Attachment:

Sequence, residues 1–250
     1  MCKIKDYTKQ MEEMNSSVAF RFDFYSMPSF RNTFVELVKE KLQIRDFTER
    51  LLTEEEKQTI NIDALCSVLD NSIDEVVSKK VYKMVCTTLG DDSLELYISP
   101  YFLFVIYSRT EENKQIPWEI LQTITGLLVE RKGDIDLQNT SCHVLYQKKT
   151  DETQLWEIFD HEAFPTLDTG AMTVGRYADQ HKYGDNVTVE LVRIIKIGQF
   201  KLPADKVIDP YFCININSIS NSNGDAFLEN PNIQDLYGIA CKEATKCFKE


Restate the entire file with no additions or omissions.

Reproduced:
Sequence, residues 1–250
     1  MCKIKDYTKQ MEEMNSSVAF RFDFYSMPSF RNTFVELVKE KLQIRDFTER
    51  LLTEEEKQTI NIDALCSVLD NSIDEVVSKK VYKMVCTTLG DDSLELYISP
   101  YFLFVIYSRT EENKQIPWEI LQTITGLLVE RKGDIDLQNT SCHVLYQKKT
   151  DETQLWEIFD HEAFPTLDTG AMTVGRYADQ HKYGDNVTVE LVRIIKIGQF
   201  KLPADKVIDP YFCININSIS NSNGDAFLEN PNIQDLYGIA CKEATKCFKE